Who wants the data?

Not all data is created equal and different data customers are seeking different data points to augment and expand their existing services. Automakers themselves and dealerships want to track vehicles post-production to better understand how customers are using their products. They can use this data to improve their product, push customers to dealerships for maintenance and repair and ultimately retain customers to enhance lifetime value.

Telecommunication companies are seeking to provide in-vehicle Wi-Fi and data services and ultimately scaling 5G networks to connect vehicles to the internet. Repair shops want to have remote access to sensors and systems on the vehicle to diagnose and even predict maintenance and repair events. Urban planners, advertisers and hedge funds want to access location-based analytics to understand how and why we are moving to provide a complete picture of individual preferences.

Insurance companies want access to speed, acceleration and navigation data to provide more accurate premium estimates for individual users and usage-based insurance. Developers want access to vehicle data to build new products and services that we have yet to conceive. The list goes on and on.

Data customers have a more advanced vehicle data strategy than the automakers themselves, and they have partnered with many startups that are trying to collect and aggregate vehicle data. For example, many startups provide a piece of hardware that plugs into the onboard diagnostic (OBD) port of a vehicle in partnership with insurance companies or repair shops. However, the OBD provides only a small subset of the total vehicle data.

Who has it?

Despite these “hacks,” the richest data set for vehicle-specific data is recorded on the CANBUS, and the automakers have the easiest access that data. This puts automakers in the best position to decide who can utilize the data and how.

We’ve already seen that larger automakers like BMW do not want to cede control to large technology companies — so what are the other options? Data management and monetization are not core competencies of the automotive industry. Manufacturers and suppliers currently operate on seven-year product cycles, which give them complete control over a stable value chain at the expense of interaction with end customers and less than state-of-the-art digital capabilities. Privacy and security concerns are looming, particularly for luxury brands with century-long heritages. Key for automakers will be finding a way to gain access to data expertise without giving away their proprietary position in the market.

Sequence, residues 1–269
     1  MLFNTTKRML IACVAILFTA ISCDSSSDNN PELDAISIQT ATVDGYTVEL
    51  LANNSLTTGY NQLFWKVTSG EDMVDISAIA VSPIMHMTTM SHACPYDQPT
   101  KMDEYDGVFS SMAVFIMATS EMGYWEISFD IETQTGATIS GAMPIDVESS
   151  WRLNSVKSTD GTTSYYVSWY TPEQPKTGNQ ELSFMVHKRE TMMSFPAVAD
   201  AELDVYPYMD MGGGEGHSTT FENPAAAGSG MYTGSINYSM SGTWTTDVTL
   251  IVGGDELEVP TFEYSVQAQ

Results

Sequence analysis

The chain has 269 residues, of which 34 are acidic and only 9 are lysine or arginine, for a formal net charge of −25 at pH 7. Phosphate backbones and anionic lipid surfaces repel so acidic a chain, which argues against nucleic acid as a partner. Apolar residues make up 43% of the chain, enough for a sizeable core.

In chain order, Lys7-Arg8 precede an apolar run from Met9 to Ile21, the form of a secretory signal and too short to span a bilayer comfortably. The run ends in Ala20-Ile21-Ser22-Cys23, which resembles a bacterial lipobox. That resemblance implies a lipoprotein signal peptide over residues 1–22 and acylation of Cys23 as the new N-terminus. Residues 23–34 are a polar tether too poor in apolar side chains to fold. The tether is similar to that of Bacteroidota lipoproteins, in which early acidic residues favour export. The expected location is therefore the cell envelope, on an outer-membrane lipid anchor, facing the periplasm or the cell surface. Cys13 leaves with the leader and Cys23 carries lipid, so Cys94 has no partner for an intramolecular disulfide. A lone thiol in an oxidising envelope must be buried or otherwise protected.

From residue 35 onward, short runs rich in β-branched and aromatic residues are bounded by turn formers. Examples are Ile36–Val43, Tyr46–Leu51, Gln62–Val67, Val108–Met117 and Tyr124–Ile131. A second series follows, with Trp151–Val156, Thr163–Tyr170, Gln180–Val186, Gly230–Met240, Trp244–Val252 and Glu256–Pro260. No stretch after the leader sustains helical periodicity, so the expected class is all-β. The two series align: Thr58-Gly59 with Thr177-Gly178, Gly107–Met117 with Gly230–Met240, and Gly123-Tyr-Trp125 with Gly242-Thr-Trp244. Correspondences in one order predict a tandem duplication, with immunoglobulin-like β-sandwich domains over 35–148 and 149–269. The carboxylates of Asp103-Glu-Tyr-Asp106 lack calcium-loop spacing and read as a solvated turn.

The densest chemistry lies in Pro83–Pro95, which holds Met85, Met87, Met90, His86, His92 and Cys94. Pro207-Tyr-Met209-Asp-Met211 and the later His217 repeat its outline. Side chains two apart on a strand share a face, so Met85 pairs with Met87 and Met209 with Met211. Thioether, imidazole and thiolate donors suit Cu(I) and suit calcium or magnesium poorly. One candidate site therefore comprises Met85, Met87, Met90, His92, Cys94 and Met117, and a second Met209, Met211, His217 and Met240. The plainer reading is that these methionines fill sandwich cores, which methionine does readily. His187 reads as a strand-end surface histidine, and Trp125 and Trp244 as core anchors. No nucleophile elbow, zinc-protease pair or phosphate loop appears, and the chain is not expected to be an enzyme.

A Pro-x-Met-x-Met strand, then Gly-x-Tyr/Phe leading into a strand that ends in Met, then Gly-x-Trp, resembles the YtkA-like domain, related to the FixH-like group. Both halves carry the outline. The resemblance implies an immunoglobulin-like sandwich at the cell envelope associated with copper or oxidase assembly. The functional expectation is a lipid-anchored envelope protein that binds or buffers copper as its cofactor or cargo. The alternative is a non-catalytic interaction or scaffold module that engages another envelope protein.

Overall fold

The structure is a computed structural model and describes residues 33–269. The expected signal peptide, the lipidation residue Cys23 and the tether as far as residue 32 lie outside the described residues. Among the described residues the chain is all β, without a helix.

Smaller automakers may be okay ceding some position to technology companies that could provide ADAS, autonomy and data management solutions (e.g. Aurora, Waymo) as they would likely struggle to build on their own. Ceding this position would relegate those automakers down the automotive hierarchy, but perhaps bring them greater volume in the future. For example, Waymo is developing its technology stack on Chrysler and Jaguar vehicles.

Automakers overwhelmed by this prospect may want to consider an acquisition, as they did for self-driving technology with Argo AI and Cruise. For instance, Ford acquired TransLoc and Autonomic to develop internal capabilities. General Motors took a substantial stake in third-party data platform Wejo. Automakers could also attempt to build these capabilities on their own. Toyota is developing a $1 billion data center.

What’s next?

It is abundantly clear to us at Autotech Ventures that there is a lot of value to be captured from vehicle data. That value will only grow as more and more sensors are added to vehicles. Automakers are in prime position to capture a tremendous share of this value, but will need to move quickly and perhaps reorganize their priorities along the way. We are skeptical that they can do it on their own.